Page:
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Why mobility is a must-have in any modern warehouse

29 October 2018 / by Guest Author - Geoff Whiting, Explore WMS

Few places feel the weight of new customer demands like the warehouse. Not only do goods need to be delivered more quickly and packaged in ways that catch the eye to start building a good impression from the moment they arrive, but individuals also want to know the status of their delivery as soon as they click “buy.”

The solution to this pressure is mobility, which many companies now adopt in their warehouses as well as their larger supply chain. It provides many clear benefits for your team and customers, plus it prepares you for the technological demands your customers will have tomorrow.

What is mobility?

In the strictest sense, mobility in the warehouse is the connection of your workers to a warehouse management system (WMS) no matter where they go or what they’re working on right now through mobile devices. These options range from scanners and smartphones to rugged tablets and other wearables that can deliver pick-and-pack information.

Mobility covers both these devices and the WMS that runs them. A mobile WMS provides tracking and analytics around your warehouse workforce in the aggregate as well as on the individual level. This information can assist with benchmarking as well as advanced analysis to rearrange pick lanes and waves or overall warehouse layout to improve space utilization. And, that’s just the tip of the iceberg.

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Advantages of a mobile WMS

The core advantages of a WMS are the data that it collects and the application of that data to different warehouse activities. Here are a few business insights this data can provide:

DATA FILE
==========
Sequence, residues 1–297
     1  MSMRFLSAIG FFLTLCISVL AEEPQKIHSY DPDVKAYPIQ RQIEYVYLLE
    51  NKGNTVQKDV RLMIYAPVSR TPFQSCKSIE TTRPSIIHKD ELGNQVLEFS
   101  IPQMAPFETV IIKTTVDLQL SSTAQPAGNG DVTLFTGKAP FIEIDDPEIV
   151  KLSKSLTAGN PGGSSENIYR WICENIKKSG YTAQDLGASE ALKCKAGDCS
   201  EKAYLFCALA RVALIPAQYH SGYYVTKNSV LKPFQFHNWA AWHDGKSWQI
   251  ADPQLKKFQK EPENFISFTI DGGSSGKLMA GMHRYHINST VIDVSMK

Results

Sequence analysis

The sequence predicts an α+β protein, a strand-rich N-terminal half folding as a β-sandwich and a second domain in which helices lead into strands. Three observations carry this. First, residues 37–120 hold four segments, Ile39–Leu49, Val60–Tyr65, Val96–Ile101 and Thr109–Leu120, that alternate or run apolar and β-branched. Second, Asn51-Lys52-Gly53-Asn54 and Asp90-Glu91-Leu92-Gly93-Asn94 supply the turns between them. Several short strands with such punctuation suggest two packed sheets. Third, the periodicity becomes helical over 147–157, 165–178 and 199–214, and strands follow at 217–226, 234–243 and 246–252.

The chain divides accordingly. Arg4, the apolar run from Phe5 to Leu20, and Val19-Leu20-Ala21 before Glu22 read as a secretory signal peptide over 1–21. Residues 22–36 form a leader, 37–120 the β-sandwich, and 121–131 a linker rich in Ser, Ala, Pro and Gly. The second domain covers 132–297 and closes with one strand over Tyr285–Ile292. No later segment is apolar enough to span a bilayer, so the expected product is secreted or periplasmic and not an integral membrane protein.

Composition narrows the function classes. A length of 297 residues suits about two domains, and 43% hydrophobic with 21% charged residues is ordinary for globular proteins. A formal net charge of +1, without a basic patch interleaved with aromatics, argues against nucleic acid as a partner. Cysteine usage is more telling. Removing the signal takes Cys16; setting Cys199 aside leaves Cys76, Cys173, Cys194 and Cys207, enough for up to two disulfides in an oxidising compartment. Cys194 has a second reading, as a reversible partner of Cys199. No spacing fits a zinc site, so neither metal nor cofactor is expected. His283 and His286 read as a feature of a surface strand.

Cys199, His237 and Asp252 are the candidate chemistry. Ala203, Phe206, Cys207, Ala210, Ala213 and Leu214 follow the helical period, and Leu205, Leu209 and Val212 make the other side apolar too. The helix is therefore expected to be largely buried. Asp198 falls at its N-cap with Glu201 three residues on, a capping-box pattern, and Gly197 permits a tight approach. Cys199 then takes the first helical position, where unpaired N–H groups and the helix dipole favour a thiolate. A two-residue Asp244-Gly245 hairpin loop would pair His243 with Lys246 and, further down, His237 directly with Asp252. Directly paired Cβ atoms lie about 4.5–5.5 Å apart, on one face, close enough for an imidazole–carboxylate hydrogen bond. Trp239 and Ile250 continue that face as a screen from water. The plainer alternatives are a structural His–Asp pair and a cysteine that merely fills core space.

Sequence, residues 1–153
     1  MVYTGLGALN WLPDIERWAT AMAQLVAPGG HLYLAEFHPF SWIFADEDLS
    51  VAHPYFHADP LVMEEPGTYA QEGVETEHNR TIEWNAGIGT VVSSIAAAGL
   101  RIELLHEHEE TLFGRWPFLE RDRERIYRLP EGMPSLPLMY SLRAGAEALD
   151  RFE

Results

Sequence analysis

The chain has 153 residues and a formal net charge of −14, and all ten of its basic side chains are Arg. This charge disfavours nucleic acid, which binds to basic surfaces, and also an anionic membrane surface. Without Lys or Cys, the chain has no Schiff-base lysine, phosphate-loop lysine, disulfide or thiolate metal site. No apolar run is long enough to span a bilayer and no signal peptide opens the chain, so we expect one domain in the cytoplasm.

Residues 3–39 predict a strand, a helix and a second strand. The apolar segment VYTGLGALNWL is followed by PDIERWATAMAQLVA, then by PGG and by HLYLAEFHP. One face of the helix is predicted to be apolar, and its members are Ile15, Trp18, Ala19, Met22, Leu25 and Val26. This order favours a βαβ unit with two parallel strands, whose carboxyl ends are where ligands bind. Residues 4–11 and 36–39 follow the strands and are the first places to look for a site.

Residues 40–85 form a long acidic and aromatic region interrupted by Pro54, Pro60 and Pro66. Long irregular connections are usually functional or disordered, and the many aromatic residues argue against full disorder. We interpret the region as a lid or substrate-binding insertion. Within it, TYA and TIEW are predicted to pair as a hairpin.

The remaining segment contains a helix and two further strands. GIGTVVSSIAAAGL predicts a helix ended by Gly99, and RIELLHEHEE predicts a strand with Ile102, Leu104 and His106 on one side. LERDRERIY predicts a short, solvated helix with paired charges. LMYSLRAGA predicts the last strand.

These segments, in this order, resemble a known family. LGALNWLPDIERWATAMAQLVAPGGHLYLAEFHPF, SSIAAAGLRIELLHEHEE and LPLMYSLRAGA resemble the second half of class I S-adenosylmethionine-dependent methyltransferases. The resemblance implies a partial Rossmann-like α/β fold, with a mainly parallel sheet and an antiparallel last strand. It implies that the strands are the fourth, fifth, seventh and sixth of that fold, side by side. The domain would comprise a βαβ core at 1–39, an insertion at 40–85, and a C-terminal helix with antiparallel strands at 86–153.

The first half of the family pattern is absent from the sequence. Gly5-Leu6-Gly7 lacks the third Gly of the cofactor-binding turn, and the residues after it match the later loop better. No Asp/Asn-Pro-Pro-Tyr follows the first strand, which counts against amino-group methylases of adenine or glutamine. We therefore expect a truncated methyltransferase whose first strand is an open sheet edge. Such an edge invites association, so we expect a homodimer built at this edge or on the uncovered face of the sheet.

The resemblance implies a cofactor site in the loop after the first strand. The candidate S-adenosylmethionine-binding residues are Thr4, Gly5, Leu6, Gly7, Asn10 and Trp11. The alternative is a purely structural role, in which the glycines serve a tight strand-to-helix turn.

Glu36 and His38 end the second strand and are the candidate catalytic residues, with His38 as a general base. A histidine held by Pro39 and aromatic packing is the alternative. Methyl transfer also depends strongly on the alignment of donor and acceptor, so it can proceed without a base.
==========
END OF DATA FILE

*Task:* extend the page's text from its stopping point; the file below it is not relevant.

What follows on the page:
• Real-time performance monitoring: tracking users as they accomplish tasks shows you the current state of affairs in your entire warehouse. This is expanded with inventory and more as noted in some areas below.
  • Real-time decision making: adapt to changes or problems as soon as they arise. For example, if a picker notices that inventory is damaged, the WMS can select an appropriate replacement or use an automated response to replenish the stock and update shipping estimates for customers.
  • Replenishment monitoring: mobile WMS track inventory levels as they are used, with users scanning products as soon as they arrive or are added to an existing order. When inventory reaches replenishment levels, a mobile WMS can automatically create a replenishment order.
  • Less manual paperwork: mobile WMS support a variety of technology, such as RF data collection, that can track goods as they move through the warehouse and automatically update associated paperwork like POs and receipts. It also simplifies signature collection. When you pair this with dock schedules and data analysis, you get optimization around the most common tasks in your warehouse — which usually generates an efficiency boost for your labor force.
  • Shipment precision monitoring: advanced mobile WMS can reach through a supply chain to connected devices and databases to see where a shipment is at any time. The platform gives visibility via tracking tools that can provide the status of all on-time or delayed shipments to your warehouse and your customer.

How mobility impacts cloud vs. on-premise WMS decisions

While the differences between most on-premise and cloud WMS options are narrowing, there are still a few distinctions worth noting. These might give cloud systems an edge if you’re picking a new WMS soon.

Form and functionality are roughly the same for both options; there’s not much one can do that the other can’t. The biggest difference is the speed at which functionality updates. Cloud systems tend to be a little faster and work with a wider range of mobile tech.

So, if you want to upgrade your scanners or tablets to the latest model, cloud systems will generally provide this support more quickly. A cloud platform is more generalized and has more clients, while on-premise allow for greater customization. This means, in general, your cloud vendor will have a little more incentive to support new hardware and software sooner. Plus, their techs will work on the support, while on-premise might require your team to do the initial troubleshooting for updates and upgrades.

Conclusions

A mobile warehouse management system is an efficient tool to ensure you’re running at your best. Adoption of this tech is picking up steam every month, and soon it’ll be a must-have platform to keep up with your competition. It’s inevitably coming to the warehouse, so the question is when you’re ready for the boost.

 

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